The Power Hungry Podcast: Dave Schryver
Dave Schryver is the CEO of the American Public Gas Association, which represents about 1,000 municipally and publicly-owned natural gas distribution systems. In this episode, Schryver tells Robert that the…
The mercury never got above zero in Minnesota today, causing a surge in energy demand. For most of us, this probably means our natural gas, propane, and electric furnaces were working diligently to keep us warm despite sub-zero temperatures.
While 66 percent of Minnesotans heat their homes with natural gas, they still need electricity to power the blower fans on the furnace or circulate steam or hot water through radiators. This means having access to reliable electricity is more important on cold weather days like today than on an average day. The region’s coal, natural gas, and nuclear fleet rose to the challenge, but the wind turbines many people uncritically believe can power our lives were nowhere to be found.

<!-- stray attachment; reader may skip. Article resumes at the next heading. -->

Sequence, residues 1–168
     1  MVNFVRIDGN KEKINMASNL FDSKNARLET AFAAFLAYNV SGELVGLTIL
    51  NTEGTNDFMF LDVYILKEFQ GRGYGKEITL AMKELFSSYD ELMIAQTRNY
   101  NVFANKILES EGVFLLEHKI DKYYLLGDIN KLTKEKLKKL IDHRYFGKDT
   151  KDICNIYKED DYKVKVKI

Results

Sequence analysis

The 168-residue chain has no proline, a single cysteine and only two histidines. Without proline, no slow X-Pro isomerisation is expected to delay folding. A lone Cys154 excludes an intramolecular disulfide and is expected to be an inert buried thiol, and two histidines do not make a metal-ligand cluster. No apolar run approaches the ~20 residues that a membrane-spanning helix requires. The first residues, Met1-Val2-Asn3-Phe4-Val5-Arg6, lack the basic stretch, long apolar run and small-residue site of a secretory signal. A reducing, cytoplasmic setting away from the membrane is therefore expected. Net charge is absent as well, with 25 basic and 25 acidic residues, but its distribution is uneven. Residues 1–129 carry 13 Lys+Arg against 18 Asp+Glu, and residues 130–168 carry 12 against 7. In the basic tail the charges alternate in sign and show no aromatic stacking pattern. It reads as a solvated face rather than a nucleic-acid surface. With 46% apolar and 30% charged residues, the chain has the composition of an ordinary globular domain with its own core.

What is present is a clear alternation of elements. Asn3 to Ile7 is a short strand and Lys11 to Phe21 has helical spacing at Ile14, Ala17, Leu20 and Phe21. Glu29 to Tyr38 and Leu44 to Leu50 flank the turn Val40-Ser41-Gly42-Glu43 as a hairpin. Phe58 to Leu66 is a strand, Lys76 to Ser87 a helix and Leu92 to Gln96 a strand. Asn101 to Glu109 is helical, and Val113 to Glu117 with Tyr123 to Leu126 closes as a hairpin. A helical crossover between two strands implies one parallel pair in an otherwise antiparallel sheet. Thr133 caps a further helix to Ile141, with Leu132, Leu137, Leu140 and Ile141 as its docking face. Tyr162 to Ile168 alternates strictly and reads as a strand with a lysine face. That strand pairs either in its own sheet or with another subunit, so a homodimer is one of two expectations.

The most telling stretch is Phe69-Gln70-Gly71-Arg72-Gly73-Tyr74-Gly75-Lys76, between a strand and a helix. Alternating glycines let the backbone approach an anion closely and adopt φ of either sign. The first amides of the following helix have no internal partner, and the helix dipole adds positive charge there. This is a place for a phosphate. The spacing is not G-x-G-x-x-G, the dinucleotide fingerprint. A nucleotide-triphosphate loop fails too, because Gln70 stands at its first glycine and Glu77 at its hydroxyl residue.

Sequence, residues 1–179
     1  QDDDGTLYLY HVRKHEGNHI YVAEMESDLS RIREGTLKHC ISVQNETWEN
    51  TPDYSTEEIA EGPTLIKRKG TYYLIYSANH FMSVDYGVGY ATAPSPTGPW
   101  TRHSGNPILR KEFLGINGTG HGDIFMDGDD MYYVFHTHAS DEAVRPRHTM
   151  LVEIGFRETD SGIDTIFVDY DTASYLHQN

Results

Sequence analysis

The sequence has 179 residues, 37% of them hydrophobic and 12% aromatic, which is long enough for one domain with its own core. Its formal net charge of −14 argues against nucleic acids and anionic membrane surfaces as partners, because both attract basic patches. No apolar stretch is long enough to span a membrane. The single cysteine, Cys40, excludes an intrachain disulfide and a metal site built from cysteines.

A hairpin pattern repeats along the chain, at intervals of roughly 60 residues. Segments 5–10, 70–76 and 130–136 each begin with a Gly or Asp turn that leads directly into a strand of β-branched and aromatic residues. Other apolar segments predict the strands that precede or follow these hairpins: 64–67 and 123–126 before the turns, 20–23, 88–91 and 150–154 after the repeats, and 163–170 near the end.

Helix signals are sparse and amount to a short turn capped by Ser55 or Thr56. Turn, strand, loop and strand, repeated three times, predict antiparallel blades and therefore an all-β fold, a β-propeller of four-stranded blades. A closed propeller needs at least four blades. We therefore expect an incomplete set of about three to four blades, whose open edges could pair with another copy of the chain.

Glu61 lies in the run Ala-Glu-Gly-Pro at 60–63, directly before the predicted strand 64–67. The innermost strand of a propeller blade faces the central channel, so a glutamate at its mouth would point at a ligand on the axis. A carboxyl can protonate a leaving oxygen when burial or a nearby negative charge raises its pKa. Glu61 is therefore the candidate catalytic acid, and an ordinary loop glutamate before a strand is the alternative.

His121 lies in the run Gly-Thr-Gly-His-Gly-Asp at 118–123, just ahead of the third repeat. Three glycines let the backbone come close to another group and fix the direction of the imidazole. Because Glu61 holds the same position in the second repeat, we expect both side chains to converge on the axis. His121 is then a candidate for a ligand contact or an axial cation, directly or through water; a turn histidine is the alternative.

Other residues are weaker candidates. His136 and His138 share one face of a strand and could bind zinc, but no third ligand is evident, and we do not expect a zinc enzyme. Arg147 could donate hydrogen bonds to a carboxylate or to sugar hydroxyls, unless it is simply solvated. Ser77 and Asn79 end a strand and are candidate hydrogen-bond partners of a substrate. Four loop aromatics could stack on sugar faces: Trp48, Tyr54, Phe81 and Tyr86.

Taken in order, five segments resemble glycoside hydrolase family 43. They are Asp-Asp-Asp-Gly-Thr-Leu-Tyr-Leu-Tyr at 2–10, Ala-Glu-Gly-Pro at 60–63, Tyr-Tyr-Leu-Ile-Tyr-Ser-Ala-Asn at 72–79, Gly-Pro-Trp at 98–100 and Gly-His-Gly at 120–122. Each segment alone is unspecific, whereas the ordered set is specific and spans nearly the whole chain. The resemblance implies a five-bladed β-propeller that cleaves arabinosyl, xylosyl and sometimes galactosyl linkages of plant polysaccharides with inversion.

Data from the grid operator’s website shows wind accounted for just 3.26 percent of energy demand at the time of this writing. Coal accounted for 55 percent, natural gas 24.6 percent, nuclear 14.8 percent.